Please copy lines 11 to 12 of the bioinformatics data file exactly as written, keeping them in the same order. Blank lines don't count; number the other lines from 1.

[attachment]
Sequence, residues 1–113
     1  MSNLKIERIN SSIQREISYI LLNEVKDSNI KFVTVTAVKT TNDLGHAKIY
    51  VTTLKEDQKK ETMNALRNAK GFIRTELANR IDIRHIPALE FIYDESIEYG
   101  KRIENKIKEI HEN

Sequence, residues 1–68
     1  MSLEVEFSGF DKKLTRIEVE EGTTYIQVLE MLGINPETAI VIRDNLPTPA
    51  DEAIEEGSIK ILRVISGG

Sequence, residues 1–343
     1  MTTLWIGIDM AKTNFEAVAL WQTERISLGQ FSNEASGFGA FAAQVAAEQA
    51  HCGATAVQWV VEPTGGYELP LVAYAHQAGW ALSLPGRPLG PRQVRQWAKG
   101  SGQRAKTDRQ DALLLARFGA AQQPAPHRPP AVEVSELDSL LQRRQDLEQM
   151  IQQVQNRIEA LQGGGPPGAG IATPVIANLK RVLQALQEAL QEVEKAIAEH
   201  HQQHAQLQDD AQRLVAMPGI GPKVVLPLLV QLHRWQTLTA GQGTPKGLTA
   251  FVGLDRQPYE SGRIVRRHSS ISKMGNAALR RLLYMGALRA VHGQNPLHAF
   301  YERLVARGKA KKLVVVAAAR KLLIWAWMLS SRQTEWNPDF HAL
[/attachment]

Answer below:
   101  SGQRAKTDRQ DALLLARFGA AQQPAPHRPP AVEVSELDSL LQRRQDLEQM
   151  IQQVQNRIEA LQGGGPPGAG IATPVIANLK RVLQALQEAL QEVEKAIAEH